mechanism of delivery vitally important for the success of these factors as effective therapeutic
agents. Cellular transplantation and direct in vivo gene delivery techniques appear to be the most
promising delivery methods for neurotrophic factors, as physiologically relevant concentrations can
be continuously produced locally within the striatum directly supplying support to surrounding
striatal neurons, while limiting any adverse effects resultant of activity in non-targeted regions. Nonsecreted biotherapeutics, such as anti-apoptotic factors, require very efficient delivery techniques,
generally requiring in vivo gene delivery vectors, as only cells directly expressing / receiving the
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therapeutic agent will benefit from any effects. Therefore further research and development of
effective gene delivery techniques are vital for pursuing the true potential of targeted biotherapeutics
for attenuating the insidious progression of HD.
1.9 Thesis Objectives
This thesis set out to investigate if continuous neurotrophic factor or anti-apoptotic factor expression
achieved via in vivo gene delivery can attenuate neuronal cell loss and behavioural deficits in the
excitotoxic QA lesion animal model of HD.
Although neurotrophic factors have been previously demonstrated to partially prevent the death of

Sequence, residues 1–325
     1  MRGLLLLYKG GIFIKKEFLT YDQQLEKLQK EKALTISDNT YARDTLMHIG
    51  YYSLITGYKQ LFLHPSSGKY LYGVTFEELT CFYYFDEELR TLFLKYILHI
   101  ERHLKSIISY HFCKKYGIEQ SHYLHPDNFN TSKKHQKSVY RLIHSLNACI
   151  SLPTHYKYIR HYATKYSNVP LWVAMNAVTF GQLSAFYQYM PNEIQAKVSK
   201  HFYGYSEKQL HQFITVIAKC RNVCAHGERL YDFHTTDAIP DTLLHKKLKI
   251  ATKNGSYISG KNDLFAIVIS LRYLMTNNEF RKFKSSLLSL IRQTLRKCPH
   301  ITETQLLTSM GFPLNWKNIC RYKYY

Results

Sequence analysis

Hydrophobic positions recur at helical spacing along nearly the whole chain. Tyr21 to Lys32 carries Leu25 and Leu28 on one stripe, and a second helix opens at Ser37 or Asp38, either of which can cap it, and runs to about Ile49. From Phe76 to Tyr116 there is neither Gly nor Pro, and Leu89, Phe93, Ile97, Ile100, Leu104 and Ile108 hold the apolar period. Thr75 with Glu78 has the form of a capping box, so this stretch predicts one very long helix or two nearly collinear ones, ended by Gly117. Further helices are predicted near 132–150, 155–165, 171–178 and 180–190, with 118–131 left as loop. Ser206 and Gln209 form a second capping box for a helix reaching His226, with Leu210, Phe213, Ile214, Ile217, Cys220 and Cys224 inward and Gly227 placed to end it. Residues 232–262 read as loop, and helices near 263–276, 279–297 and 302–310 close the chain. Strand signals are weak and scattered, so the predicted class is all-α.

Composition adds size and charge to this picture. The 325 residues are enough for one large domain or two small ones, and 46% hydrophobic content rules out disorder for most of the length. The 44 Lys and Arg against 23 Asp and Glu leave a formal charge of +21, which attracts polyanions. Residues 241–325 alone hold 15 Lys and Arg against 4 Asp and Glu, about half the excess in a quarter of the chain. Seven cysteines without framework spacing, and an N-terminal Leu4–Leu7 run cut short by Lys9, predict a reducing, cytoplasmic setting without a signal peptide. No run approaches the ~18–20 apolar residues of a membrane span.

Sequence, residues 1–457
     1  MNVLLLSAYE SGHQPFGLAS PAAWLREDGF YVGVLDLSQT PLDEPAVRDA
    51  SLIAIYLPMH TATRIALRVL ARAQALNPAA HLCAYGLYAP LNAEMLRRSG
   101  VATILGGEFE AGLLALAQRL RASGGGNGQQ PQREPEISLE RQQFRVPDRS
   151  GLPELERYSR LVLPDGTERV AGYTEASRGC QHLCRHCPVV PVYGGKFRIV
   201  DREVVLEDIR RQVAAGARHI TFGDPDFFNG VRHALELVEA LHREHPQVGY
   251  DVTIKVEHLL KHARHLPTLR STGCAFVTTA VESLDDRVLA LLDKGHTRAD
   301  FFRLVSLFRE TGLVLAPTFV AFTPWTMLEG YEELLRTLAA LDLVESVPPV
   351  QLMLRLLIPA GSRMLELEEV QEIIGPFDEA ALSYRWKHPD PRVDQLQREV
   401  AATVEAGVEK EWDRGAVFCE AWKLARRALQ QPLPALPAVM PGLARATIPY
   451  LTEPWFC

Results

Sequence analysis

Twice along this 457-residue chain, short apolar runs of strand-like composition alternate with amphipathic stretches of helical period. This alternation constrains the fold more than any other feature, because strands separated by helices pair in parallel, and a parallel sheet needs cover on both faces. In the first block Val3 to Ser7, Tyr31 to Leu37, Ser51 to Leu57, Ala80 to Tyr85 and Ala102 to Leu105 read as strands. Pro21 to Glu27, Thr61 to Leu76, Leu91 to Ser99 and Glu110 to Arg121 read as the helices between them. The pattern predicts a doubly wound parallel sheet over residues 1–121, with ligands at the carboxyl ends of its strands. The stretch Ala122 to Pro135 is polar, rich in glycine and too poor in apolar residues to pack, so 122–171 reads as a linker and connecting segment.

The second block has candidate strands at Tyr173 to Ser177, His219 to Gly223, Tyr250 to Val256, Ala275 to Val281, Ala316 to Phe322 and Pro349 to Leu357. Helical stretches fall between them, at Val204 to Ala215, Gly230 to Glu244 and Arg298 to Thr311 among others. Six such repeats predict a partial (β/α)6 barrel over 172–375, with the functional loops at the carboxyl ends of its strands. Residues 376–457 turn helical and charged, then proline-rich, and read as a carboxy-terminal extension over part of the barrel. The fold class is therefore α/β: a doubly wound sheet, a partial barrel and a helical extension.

striatal projection neurons, difficulties in achieving efficient delivery of neurotrophic factors to the
striatum in vivo may limit the true potential that neurotrophic factors hold for counteracting the
neurodegenerative process of HD. Ongoing improvement in non-toxic, non-immunogenic viral
based vectors has allowed for the efficient delivery of therapeutic proteins to the CNS following in
vivo gene transfer. In vivo gene delivery is suited to the continuous production of therapeutic
proteins within a specific population of cells such as the neurons of the striatum, and this local
production of neurotrophic factors at physiologically effective concentrations across the entire
striatum may prove to be therapeutically beneficial at preventing or slowing the progression of HD.
Construction of recombinant AAV vectors and the verification of functional transgenic protein
expression is detailed in Chapter 2 (Kells et al. 2006).
With a large number of neuroprotective compounds currently under investigation following the
ongoing elucidation of molecular mechanisms underlying HD, it has been recently suggested that
preclinical studies of pharmaceutical and biotherapeutic agents for HD should be proven efficacious
in transgenic models of HD, by two independent research groups, prior to moving forward into nonhuman primate and clinical trials (Bates and Hockly 2003). However the increasing evidence that
excitotoxic mechanisms contribute to HD neurodegeneration ensure that the QA model is still a
relevant research tool to investigate neuroprotective agents. Chapter 3 covers the optimisation and
characterisation of a unilateral QA lesion rat model of HD.
Previous in vivo gene delivery mediated expression of neurotrophic factors in the striatum has
demonstrated the protection of striatal neurons by BDNF, GDNF and CNTF (Bemelmans et al. 1999;
de Almeida et al. 2001; Mittoux et al. 2002; McBride et al. 2003; Kells et al. 2004). While
neurotrophic factors show promise in these studies, there is a need for further investigation of more